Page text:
Class Syllabus by Steve Kinnard
This course is an overview of the life, ministry, and teaching of Jesus of Nazareth. In this course, the student will develop a deeper appreciation of Jesus’ life, a greater understanding of his ministry, and a fuller comprehension of his teaching.
This study of the life and teaching of Jesus the Messiah will equip the student to understand and communicate the Lordship of Jesus. The course uses a three-pronged approach to the Gospels.
- First, we will read and compare the four gospels side-by-side building a mosaic of the life and teachings of Jesus the Messiah. The course will use Orville E. Daniel’s A Harmony of the Four Gospels, The New International Version (Second Edition) as a text to work through the life and ministry of Jesus.
- Second, as we read, we will notice how the gospel writers portray Jesus as King, Christ, Messiah, and Lord.
- Third, as we read, we will place a special emphasis on a spiritual reading of the text verses an informational reading of the text. We want the course to be both practical and academic.
1. Required Textbook Reading and Log
See assigned reading listed in Course Schedule below. Students are to keep a reading log (which is to include text book name, pages read, and dates read) for each week and e-mail it to the instructor (at firstname.lastname@example.org placing “Life of Jesus” in the subject
line) by midnight on the Saturday of the last (the 7th) week of class.
2. Discussion Assignments
Students will be given discussion questions at the beginning of each week for which he or she is to post on Angel totaling at least four double-spaced (unless single-spacing is requested) pages (approximately 1000 words using 12-point font with 1 inch margins, so 1 page of typed text equals about 250 words.) These will be due at midnight on Wednesday of that corresponding week.
3. Discussion Responses (fulfills Course Objectives 1 thru 4 above):
Students are to briefly respond to, interact with, and constructively engage in dialog with one other student the same-week as the Wednesday discussion-question-postings on Angel. The responses are to contribute ideas that help to inform and enrich the postings he or she interacts with. These will be due at midnight on Saturday of that same corresponding week and should be approximately 500 words in length.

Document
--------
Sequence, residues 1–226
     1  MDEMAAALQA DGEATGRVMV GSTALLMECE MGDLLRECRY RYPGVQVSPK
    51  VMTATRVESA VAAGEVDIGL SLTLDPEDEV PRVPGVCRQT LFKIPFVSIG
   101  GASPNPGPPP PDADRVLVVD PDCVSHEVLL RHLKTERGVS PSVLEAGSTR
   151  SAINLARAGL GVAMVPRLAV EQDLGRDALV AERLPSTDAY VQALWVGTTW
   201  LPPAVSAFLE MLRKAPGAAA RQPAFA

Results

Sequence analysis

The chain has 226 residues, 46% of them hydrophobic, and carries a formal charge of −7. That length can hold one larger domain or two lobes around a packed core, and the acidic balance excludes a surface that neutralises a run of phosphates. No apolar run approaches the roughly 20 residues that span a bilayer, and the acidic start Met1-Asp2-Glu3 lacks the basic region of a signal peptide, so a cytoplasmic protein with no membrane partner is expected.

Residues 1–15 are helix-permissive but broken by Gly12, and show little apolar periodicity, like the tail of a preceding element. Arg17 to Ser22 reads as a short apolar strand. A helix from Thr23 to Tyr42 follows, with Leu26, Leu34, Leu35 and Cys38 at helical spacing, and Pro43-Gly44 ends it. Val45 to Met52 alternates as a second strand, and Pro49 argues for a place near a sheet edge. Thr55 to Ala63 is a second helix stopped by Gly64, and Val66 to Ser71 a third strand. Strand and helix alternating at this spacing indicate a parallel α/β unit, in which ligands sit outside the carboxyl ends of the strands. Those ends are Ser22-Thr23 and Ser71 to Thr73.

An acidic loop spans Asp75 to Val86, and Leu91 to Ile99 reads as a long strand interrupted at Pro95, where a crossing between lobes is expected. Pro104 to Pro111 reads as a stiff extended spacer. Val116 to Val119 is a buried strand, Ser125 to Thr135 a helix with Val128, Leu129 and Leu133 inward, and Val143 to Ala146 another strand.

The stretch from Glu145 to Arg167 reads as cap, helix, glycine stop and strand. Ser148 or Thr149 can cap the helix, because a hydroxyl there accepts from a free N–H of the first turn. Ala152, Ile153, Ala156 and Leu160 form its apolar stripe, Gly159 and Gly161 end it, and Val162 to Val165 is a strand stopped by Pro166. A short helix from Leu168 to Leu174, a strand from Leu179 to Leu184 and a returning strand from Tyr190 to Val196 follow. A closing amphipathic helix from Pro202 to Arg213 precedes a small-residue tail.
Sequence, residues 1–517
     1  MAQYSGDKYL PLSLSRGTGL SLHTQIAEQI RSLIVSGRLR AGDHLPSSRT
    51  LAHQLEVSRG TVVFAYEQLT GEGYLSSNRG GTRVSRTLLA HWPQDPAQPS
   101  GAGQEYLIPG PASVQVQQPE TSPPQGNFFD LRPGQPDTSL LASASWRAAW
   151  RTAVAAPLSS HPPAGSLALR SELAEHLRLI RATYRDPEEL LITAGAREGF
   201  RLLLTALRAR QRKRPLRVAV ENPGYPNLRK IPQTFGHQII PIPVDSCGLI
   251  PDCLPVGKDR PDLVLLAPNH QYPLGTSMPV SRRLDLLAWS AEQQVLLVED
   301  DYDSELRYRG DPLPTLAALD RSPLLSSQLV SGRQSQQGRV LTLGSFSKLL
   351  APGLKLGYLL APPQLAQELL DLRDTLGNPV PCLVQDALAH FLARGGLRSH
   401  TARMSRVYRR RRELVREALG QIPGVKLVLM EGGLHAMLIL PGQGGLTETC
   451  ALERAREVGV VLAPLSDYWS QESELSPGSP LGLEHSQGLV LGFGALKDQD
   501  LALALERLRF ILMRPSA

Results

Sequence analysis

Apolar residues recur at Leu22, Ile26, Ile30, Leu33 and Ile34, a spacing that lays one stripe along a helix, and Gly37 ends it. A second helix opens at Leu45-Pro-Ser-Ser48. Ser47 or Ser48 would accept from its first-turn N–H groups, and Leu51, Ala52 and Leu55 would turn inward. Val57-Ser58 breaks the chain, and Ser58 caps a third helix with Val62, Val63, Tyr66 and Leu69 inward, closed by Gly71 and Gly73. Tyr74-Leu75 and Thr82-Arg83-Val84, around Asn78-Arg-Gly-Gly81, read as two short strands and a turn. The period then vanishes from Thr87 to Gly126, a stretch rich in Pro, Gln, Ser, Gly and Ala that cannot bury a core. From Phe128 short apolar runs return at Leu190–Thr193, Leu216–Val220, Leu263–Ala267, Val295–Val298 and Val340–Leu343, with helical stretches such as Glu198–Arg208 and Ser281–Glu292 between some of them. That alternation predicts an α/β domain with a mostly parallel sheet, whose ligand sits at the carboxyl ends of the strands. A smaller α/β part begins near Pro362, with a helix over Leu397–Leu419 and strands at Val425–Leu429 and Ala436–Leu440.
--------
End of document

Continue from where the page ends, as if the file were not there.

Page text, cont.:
4. Read the Response.
Students must read the responses given to their comments each weak.
5. Exegesis Paper
Following the suggested exegesis sequential guidelines listed below, write at least a 15 page exegesis paper (not including the pagination for the bibliography) on one pericope in one of the gospels and e-mail it to the instructor (at email@example.com putting “Life of Jesus” in the subject line) by midnight Saturday of the last (7th) week of class:
Exegesis sequential guidelines:
1. Study the passage:
A. Read the passage carefully in at least 4 different English versions. If you understand Greek, then translate the passage from Greek to English.
B. Look at the context. What is going on before and after the passage?
C. Determine the literary genre of the passage and consider the ramifications of this type of literary genre on the interpretation of the passage.
D. Look at the structure of the passage. What are its stages of argument?
E. Look at words and phrases. Are there any that are hard to understand?
F. Do the different English translations suggest any places where there might be difficulty about the meaning?
G. Use an English or Greek Concordance to look up several interesting or difficult words. Do a detailed study of these words in the gospel you are considering. Determine how these words are used in other places within that gospel then determine the best meaning on the words in your chosen passage.